Last month, I attended the yoga festival, Wanderlust. I opted to travel to Vermont rather than going to the festival here in Colorado, partly to see Michael Franti, but also to combine the trip with a visit home to New Hampshire. The coming together of so many like-minded people, amazing yoga teachers, and uplifting musicians, was a recipe for filling my heart and soul with love and re-inspiring the spark that first ignited my desire to teach yoga. The festival was an experience that restored my faith in humanity, and reminded me of the importance of making my dream of a yoga retreat in Colorado a reality. The world needs more spaces and events that inspire community, while also encouraging individuals to shine.
The name of the festival itself speaks to me. Merriam-Webster defines wanderlust as “a strong desire to travel.” My wanderlust began at a young age when I first traveled outside of New England and discovered the vastness of the world, and breathtaking beauty of Mother Earth. As soon as I could begin to travel on my own, I went with gusto. I drove 9,600 miles in three weeks around the United States, and was struck by the limitless variety of landscape within this one country - the plains and rich farmlands of Middle America, the mountains of the Rockies, sequoias of the Pacific Northwest, the depths of Crater Lake, miles of glorious coastline and lush forests. Next, I scratched the surface of Alaska with a two-week trip that involved planes, trains, automobiles and a cruise ship, in addition to kayaks, bikes and a helicopter that landed us on a glacier. In that short two-week trip we saw North America’s tallest mountain (Denali), glaciers, the sea, rainforest, and desert.
Not long after, I set out for foreign lands, with my first trip out of North America being a road trip through Ireland. I was already hooked. Next came the Mediterranean (Italy, France, Greece, Turkey, and Spain); then Panama; multiple trips to Mexico for scuba diving; return trips to Italy, France and Spain; then on to England and Switzerland. When I became a yoga teacher, India summoned me to her. As a scuba diver, I couldn’t resist the pull of Belize, St. Kitts/Nevis, and Bonaire. My love affair with Costa Rica has brought me back there five times in as many years. I took two months off from work to wander through South America – Peru, Chile, Argentina, Ecuador and the Galapagos. Next was a tour via train through Germany, Austria, and Czech Republic. Soon we’ll be headed back across the pond to visit Portugal, southern Spain, and Morocco.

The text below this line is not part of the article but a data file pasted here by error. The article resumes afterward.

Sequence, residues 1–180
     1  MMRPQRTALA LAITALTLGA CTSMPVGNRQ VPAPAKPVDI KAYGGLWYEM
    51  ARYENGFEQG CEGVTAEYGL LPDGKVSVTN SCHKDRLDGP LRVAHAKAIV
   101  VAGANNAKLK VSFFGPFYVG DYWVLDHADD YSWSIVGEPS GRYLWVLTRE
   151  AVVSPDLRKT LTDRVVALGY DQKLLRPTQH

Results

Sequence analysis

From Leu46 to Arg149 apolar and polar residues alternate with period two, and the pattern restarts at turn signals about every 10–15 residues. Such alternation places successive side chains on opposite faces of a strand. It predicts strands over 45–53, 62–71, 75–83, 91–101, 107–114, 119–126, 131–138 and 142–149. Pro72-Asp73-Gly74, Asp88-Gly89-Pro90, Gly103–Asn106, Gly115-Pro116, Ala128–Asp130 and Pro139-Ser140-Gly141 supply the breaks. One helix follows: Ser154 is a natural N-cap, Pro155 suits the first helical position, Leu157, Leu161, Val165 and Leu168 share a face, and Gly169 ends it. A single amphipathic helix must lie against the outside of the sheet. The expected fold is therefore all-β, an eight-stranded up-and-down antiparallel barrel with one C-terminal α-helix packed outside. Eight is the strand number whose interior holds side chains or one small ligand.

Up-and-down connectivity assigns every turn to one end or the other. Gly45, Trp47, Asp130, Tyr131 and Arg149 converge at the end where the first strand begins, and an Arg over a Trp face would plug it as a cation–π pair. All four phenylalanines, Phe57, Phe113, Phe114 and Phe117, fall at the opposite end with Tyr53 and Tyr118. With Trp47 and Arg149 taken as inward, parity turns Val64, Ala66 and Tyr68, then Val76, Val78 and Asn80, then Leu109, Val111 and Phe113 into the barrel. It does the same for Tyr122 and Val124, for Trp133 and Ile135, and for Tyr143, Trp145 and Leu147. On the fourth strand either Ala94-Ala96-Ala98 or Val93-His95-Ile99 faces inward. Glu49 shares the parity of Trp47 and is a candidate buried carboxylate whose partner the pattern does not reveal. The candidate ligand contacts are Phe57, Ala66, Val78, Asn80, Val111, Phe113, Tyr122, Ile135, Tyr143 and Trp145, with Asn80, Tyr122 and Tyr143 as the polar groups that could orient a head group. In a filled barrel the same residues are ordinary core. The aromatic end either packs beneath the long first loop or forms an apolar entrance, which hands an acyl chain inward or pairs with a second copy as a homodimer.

Each time I have wandered, I have learned more about myself while gaining a better understanding of the world around me, and it’s plethora of cultures, food, traditions and landscapes. As someone once said, “Travel is the only thing you buy that makes you richer.” I have spent a lot of money and time traveling the world, but I am rich in experience for having stepped outside of my comfort zone to explore the world. I wholeheartedly believe that “the world is a book and those who do not travel read only one page,” a notion commonly attributed to Saint Augustine. I could have stayed in one place, but who would I be now if I hadn’t set out to discover other lands and cultures. I shudder to think of how limited my view of the world would be, and how much I would have missed.